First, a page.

I would be surprised if the authors had deliberately p-hacked. As you say, it would be odd for them to describe it so blatantly in their methodology. I think it’s much more likely that they accidentally p-hacked because they hadn’t talked to a statistician about design rigor and didn’t understand the dangers of their evidentiary approach.

I hate to say it, but I see terrible stats in respected journals all the time. Dodgy subgroup analysis is virtually a pandemic in the life sciences. I’ve seen people using continuous tests for categorical data, which is an absolutely fundamental Stats 101-level mistake. I’ve seen people take continuous data and convert it into categories then manipulate the thresholds to generate publishable p-values. I’ve seen papers with control groups for unimportant data but no controls for the main findings (the infamous Wakefield paper). I’ve seen a paper in the BMJ that only achieved significance by presenting the data as a meta-analysis by combining it with a previously published dataset (neat trick that; you can get one good result and massage significance indefinitely from there). Then there are techniques that are not statistically invalid but still give misleading impressions, such as reporting relative effect instead of absolute effect in medical papers just because the effect size looks more impressive that way — this has been criticised for decades in the evidence-based public health literature and yet the major journals continue to let it through because it pumps up citation numbers (and often leads to poor policy decisions).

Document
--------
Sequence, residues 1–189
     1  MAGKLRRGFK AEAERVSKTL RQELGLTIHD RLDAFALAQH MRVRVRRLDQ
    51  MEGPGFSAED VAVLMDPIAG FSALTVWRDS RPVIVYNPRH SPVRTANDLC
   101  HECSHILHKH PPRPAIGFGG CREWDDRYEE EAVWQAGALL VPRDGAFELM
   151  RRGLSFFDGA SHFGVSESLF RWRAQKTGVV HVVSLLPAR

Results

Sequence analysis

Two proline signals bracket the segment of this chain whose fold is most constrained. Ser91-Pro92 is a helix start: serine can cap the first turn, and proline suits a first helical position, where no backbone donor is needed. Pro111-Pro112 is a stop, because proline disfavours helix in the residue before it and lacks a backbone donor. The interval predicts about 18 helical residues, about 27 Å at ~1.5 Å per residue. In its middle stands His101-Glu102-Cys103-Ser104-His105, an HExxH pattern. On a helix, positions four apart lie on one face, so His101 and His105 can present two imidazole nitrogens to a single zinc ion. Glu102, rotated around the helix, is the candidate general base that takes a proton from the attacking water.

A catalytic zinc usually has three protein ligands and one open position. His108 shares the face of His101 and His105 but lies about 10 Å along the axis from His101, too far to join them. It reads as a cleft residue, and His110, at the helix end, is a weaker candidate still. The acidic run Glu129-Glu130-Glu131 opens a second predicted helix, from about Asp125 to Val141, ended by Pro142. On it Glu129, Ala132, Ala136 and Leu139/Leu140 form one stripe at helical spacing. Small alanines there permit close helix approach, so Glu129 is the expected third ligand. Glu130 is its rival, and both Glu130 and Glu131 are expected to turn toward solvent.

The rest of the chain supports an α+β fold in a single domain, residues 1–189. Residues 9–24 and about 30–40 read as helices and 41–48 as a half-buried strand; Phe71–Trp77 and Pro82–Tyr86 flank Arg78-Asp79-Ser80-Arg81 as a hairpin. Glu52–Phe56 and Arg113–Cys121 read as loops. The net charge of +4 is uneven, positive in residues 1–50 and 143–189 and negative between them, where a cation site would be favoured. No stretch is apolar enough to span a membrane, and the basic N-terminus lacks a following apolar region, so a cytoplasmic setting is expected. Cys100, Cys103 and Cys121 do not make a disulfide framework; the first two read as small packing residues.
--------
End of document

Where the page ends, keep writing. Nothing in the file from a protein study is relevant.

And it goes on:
I would think that most of the statistical errors I see are unintentional. Quite a few would not even change the overall finding if corrected. Which is not as bad as deliberate fraud/manipulation but is still not an excuse for letting critical errors slip through the writing and the review.

43. chrislawson says

Rob@40–

Maybe I’m simply unaware of how practitioners use the term, but that is what I assumed was meant; “increase the number until you can trust the result”, not “increase the number until you just get under 0.05”.

In principle that’s what should happen for a planned experiment. You should set the level of confidence you’re willing to accept, collect the data, crunch the numbers, and see if the stats reach that level of confidence and either accept or reject the null hypothesis based on that. In real life it’s more complex than that for many reasons (not least the pressure to crank out publications), but part of the problem is a lot of people don’t really get hypothesis testing. Once you have set your confidence level and your data don’t meet that, you should have enough data to trust the decision to accept the null hypothesis.

Saying “we didn’t quite get significance, let’s collect more data” is essentially saying “If I had got the result I wanted I would have accepted this level of evidence, but I did not get the desired result so I do not accept this level of evidence.”